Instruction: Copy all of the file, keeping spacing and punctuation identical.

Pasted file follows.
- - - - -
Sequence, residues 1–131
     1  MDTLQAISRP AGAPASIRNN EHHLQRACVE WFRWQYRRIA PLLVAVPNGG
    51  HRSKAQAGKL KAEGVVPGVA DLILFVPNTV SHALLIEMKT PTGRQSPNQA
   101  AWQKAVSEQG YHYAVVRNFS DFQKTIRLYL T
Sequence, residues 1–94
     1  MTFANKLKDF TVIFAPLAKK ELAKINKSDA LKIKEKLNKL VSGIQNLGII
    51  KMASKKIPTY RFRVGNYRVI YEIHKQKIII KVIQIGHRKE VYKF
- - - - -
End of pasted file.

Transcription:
Sequence, residues 1–131
     1  MDTLQAISRP AGAPASIRNN EHHLQRACVE WFRWQYRRIA PLLVAVPNGG
    51  HRSKAQAGKL KAEGVVPGVA DLILFVPNTV SHALLIEMKT PTGRQSPNQA
   101  AWQKAVSEQG YHYAVVRNFS DFQKTIRLYL T
Sequence, residues 1–94
     1  MTFANKLKDF TVIFAPLAKK ELAKINKSDA LKIKEKLNKL VSGIQNLGII
    51  KMASKKIPTY RFRVGNYRVI YEIHKQKIII KVIQIGHRKE VYKF